Looking over Positano. 
Leaving Positano, I headed back north, to Umbria,  to Assisi. Perched upon a hill in Umbria with ancient castles and turrets and sanctuaries. A peace descended upon me. Here, I sat in the public square, enjoyed wine with a girl from Beirut, and took in the immense power of the place. I felt as if I had been searching, and, here in Assisi, I had found it. There was something more tangible, more reflective, more at ease, and more pure than being in the Vatican. I fell in love with Assisi. Walking the streets lined with mementos and souvenirs of St. Francis, buying bread  from the storefront in the shadow of the Basilica, watching the animals come to get blessed, this place had me in awe. I loved the solitary peace I felt as stood awed by frescoes and Umbrian sunsets. I spent the last of time in Florence, finally becoming homesick for my family, friends, my dog, my life. I loved Florence, promenading through the halls of the Uffizi, crossing the Ponte Vecchio in awe of the gold, wishing I could buy bags upon bags of leather. But, I don't think it got my full attention. I was ready for home. 

My next venture abroad alone was my biggest risk yet. I had read one of those foolish books put out by Life Magazine, Heaven on Earth, which displayed 100 places to see on Earth before you die. I'd been to a few, Venice, The Grand Canyon, San Francisco. But there were a few that had stuck in my brain: Angkor Wat, The Serengeti, Tallin, Estonia and Cartagena, Colombia. I needed to go. I bought myself a ticket, and as mentioned before, very little Spanish skills, I boarded the plane for Bogota, connection to Cartagena. This was my icing on the cake. I had the most amazing time in Cartagena, I cannot wait to go back. I WENT TO COLOMBIA ALONE. My friends thought I was crazy. people thought I was going to be raped and kidnapped. Nothing could have been further from the truth. The people of Colombia were among the friendliest I have ever encountered on my travels. 

The colors of Cartagena are blinding. As I walked the streets of the well planned grid of the Old City, my eyes were often summoned skyward towards the over-adorned balconies, overflowing with bougainvillea and fuchsia, painted in overlapped layers of turquoise and teal. I meandered through a city of the past, passing horse-drawn carriages and men in Panama Hats. Gabriel Garcia Marquez's echoes following me down the streets as I imagined Fermina Daza, taken from the confines of these ancient city walls, away from her lover, and brought back to live a life of stature and prominence. I drank beers at Cafe del Mar, watched the sunset over the Caribbean, snorkeled at the Rosario Islands and asked strangers to take photos of me in those "must see" spots.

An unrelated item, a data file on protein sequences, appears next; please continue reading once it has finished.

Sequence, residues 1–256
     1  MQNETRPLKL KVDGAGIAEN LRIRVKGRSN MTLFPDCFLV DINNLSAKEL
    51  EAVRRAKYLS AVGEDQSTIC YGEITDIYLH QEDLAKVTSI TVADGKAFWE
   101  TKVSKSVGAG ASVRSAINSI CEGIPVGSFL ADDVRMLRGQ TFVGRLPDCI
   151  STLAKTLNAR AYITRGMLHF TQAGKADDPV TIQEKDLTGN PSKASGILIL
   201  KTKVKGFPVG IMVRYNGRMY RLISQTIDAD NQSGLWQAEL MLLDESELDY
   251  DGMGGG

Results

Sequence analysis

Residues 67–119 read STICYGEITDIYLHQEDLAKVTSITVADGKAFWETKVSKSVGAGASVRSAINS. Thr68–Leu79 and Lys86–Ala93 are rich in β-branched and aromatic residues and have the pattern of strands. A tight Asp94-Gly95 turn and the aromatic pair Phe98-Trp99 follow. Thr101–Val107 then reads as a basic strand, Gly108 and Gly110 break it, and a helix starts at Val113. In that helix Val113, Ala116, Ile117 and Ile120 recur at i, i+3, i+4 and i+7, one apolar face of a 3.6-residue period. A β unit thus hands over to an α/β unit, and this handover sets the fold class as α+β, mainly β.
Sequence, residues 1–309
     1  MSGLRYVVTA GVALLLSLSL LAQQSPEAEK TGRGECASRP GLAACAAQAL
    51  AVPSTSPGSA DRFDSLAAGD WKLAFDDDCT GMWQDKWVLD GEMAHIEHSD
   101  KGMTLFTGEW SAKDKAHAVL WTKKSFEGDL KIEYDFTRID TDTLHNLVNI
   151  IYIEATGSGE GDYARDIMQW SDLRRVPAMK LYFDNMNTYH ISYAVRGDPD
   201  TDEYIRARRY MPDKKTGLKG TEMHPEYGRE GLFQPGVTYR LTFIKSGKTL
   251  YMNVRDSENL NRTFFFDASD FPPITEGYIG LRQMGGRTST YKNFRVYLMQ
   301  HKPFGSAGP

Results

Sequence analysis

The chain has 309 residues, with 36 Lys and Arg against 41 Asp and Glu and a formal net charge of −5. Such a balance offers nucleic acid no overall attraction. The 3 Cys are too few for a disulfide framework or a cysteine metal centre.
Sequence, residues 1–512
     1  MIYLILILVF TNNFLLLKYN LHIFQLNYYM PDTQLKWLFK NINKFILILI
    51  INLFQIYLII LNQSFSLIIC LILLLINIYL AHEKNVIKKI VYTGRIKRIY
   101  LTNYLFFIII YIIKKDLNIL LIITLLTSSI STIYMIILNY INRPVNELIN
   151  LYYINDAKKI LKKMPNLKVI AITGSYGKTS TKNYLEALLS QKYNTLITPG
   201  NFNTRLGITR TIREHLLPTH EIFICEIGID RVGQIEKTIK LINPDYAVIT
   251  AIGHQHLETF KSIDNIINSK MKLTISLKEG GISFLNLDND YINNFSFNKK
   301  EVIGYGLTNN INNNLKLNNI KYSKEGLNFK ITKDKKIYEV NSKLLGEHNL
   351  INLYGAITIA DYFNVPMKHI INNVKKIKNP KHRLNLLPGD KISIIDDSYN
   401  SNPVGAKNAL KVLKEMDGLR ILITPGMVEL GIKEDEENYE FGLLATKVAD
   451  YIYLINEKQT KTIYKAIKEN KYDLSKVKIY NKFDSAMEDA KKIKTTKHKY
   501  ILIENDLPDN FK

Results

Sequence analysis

Facades of Cartagena

Cerveza at Cafe del Mar
I never felt unsafe, despite walking by hordes of prostitutes, not speaking the language, or the overall true grittiness of the city. I felt embraced by culture and I, in return, embraced it back.  I found a hang out, a lovely restaurant around the corner from my hostel, El Parche de Leon, where I spent my nights. I had amazing food, met amazing people and made friends that will remain friends (Thank you Social media). We listened to music, spoke English and drank wine. I was sad to leave. It's a place I hope to return. As a solo traveler, the connections I made in Cartagena were really the essence of why my trip was successful. I only hope in the future, with my upcoming solo trips, whether it be Copenhagen, New Zealand or Nicaragua, that the mood of the place, the psyche of the people, touches me in the way that Cartagena did. My only option is to set forth alone again and find out. 

Hanging out in Parche de Leon, Cartagena